MORRISTOWN, NJ – Actress and writer Candice Guardino is bringing her one-woman show, “Italian Bred,” to The Bickford Theatre on Saturday and Sunday, Aug. 5 and 6. The Saturday evening performance is at 8 p.m. and the Sunday matinee at 2 p.m. The show has nothing to do with cooking, she emphasized, although the play on “bred’ and “bread” immediately connects with traditional Italian food. Patrons can also take advantage of the New Jersey food trucks before the show.
In an interview, Ms. Guardino said she based the play on her family relationships, especially her Grandmother who came from Italy when a child and lived most of her life in Brooklyn. “She’s the heart and soul of the show,” the actress said. “She was a brash and bawdy woman.” Although her granddaughter may have been just five or six at the time, Ms. Guardino said her grandmother treated her like an adult, so she had an unfiltered view of Italian customs and mores. Ms. Guardino’s mother and father moved to Staten Island and she said her grandmother used to complain about crossing the Verrazano Bridge.
Guardino majored in theatre at Wagner College, located on Staten Island. She became addicted to theatre, noting, “There was nothing else I wanted to do.” Although shy as a child, she said she took to the stage right away, both as a performer and a writer. During college, she studied in London and has visited Italy with her husband. Guardino, although married, travels around the country with her dog, Cannoli, who helps her remain centered.
She has written for television and films, including this one-person play, which she has performed around the country, from Off Broadway in New York to Chicago, Los Angeles and, most recently, Asbury Park. “Every audience is different,” she said, “and I learn from them.” She has done her share of stand-up comedy, too, she said, which has given her insights on audience reaction.
Primarily, she said, “I just like to tell stories. That’s how all of this morphed into a show. It’s all about the dialogue.” The play, she said, seems to attract people of all ages, “from eight to 108.” One patron told her, “It’s all about the wonder years.” She has had a variety of agents over time, as well as mentors who have encouraged her along the way. Her uncle, Harry Guardino, has enjoyed a successful film career. Among her video cameos are Leslie Jordan of “Will and Grace,” Mario Cantone of “Sex and the City” and Steve Schirripa of “The Sopranos.” In the future, she said, she would like to do a romantic comedy.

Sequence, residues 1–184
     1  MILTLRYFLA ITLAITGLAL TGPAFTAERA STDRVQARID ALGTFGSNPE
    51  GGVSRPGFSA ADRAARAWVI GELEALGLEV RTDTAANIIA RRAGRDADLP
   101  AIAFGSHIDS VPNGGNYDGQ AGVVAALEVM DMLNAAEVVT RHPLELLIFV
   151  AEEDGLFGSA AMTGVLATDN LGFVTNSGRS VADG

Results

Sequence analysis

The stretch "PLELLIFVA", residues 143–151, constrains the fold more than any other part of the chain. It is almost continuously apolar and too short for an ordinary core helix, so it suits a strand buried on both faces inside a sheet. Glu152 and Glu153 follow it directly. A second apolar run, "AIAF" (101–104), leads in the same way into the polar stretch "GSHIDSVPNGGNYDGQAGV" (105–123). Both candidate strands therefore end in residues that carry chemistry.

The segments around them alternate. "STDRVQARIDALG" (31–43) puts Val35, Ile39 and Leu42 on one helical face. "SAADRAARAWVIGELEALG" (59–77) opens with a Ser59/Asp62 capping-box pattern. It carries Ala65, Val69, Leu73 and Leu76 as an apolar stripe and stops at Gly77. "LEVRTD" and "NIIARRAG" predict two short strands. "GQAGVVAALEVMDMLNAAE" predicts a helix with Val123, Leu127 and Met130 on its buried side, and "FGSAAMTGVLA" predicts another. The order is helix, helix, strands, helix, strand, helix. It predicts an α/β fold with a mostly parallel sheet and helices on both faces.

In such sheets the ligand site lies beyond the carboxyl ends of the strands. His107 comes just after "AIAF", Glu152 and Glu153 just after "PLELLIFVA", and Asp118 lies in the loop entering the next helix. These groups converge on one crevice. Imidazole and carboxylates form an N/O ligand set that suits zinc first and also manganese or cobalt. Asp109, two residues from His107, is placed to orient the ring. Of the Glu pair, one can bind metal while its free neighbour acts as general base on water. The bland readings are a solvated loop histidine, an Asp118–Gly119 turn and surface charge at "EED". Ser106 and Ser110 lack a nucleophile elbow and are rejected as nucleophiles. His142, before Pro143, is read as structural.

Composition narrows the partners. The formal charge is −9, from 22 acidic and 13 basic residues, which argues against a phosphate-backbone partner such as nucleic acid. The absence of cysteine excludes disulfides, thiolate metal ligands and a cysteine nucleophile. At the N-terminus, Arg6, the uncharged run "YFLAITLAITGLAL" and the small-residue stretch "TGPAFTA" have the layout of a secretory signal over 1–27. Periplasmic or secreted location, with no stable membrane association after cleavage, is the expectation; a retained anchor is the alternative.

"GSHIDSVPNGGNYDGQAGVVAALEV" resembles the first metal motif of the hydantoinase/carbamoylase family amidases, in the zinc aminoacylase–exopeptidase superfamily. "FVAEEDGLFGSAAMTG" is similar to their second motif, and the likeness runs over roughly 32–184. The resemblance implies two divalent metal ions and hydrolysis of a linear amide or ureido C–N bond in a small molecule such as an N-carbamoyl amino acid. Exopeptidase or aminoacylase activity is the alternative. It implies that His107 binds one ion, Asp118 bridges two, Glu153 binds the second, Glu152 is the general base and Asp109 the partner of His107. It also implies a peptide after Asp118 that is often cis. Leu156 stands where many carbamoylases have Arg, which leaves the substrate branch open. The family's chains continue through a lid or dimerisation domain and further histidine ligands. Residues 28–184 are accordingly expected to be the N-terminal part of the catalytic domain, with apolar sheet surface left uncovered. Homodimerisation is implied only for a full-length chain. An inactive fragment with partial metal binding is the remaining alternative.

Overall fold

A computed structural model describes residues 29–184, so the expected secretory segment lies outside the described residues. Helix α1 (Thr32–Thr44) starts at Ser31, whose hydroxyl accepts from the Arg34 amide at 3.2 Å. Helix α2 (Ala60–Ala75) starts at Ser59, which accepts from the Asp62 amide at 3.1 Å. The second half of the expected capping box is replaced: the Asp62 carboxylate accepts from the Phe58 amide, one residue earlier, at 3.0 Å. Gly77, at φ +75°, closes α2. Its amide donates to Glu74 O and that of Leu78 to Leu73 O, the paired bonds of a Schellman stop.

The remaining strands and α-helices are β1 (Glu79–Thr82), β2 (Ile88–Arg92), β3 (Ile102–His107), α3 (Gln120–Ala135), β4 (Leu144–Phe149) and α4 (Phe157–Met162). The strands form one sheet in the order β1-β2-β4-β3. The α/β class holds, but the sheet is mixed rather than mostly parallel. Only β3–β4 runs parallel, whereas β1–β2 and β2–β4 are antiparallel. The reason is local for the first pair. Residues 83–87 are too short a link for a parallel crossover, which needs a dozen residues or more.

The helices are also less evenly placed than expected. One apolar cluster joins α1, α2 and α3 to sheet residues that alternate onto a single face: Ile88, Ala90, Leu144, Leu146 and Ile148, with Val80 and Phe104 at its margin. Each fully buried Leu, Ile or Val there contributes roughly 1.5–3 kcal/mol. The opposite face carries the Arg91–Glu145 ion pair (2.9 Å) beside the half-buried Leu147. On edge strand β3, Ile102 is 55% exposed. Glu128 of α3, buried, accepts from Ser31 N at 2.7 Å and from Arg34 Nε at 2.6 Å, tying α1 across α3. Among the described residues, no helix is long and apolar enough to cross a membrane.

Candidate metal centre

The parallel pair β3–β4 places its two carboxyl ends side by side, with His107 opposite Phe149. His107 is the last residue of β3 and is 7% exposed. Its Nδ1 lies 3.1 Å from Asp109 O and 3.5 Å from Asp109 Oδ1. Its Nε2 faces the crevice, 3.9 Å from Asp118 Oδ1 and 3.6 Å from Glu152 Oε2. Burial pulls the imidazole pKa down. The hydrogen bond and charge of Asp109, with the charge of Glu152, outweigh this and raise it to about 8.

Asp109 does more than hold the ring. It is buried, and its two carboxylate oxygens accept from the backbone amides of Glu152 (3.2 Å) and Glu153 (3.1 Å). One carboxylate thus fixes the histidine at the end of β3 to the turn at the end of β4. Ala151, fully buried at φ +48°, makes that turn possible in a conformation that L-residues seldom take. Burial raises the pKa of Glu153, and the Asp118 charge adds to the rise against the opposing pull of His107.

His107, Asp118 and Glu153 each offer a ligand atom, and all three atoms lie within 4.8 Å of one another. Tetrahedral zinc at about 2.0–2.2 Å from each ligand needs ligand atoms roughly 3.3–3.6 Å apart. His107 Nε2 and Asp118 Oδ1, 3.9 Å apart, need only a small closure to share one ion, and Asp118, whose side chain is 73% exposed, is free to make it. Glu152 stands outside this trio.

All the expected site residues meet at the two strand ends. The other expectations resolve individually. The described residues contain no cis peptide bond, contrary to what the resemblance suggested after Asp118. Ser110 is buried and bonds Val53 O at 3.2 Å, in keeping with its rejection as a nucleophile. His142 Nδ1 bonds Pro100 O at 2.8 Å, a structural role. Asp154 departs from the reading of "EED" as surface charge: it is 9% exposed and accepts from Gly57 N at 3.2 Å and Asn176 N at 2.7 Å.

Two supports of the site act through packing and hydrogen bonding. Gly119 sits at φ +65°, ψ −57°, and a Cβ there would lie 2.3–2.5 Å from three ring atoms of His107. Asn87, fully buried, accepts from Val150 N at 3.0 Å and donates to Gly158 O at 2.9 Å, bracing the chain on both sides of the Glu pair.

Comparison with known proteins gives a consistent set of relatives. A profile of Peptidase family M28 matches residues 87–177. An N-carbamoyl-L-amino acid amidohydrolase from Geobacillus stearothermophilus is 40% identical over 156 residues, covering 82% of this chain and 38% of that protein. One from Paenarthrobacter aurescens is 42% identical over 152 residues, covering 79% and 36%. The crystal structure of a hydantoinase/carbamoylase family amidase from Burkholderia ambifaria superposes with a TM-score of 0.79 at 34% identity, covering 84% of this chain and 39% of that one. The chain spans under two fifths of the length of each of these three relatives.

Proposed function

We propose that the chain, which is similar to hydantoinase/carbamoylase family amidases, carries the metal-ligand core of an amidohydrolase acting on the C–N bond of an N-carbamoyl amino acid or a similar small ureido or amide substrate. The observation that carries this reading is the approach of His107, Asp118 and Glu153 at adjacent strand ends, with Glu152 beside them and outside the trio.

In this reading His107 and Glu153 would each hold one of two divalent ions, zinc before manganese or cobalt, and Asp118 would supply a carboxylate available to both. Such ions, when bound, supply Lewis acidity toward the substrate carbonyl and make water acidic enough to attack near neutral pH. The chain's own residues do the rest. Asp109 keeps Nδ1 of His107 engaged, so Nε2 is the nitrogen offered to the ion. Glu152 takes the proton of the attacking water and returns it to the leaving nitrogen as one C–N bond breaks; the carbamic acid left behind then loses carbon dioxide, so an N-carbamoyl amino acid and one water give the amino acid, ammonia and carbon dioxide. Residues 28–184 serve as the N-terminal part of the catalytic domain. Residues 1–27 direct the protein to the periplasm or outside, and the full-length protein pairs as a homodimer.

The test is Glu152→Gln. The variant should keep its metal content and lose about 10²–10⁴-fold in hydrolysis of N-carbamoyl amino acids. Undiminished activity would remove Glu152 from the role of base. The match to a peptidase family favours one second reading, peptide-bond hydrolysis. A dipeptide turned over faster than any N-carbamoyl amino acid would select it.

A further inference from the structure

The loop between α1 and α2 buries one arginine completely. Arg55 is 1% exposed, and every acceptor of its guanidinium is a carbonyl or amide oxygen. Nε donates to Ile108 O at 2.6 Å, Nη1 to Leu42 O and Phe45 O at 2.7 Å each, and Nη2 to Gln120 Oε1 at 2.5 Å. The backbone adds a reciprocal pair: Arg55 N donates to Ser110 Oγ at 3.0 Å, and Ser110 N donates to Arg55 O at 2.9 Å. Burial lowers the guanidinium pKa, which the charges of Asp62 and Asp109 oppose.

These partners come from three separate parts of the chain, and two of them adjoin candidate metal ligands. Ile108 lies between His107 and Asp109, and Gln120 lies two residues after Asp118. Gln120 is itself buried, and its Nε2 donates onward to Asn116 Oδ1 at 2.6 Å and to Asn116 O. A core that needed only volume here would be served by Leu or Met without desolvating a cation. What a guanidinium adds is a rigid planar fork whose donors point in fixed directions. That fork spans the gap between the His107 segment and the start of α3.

She compared her current play to the highly successful film, “My Big Fat Greek Wedding” and often has celebrities appear on stage with her. Her play is interspersed with a media screen, which shows some of the guests who have appeared with her. She also referred to “The Sopranos” and “Good Fellas” with their Italian themes. The play lasts just 85 minutes with no intermission. She performs each character and relies on those shadings rather than changes of costume
Yes, she said, she grew up as a Roman Catholic “with a ton of guilt.” But all those traits, good and bad, happy and sad, contribute to this tribute to her youth as an American girl, learning about the world and her family history. “I hope people will come and laugh and cry and laugh again,” she said of the cornucopia of emotions in “Italian Bred.”
Liz Keill reviews professional theatre in the New Jersey area, ranging from the McCarter Theatre in Princeton to Paper Mill Playhouse in Millburn. In addition to writing for Tapinto.net, she does theatre analysis for HometowneTV in Summit. She holds a Bachelor's in Journalism from Penn State and a Master's in Communication from Syracuse University. Liz is a member of the American Theatre Critics Association, which holds seminars at regional theatres across the country as well as in New York City.
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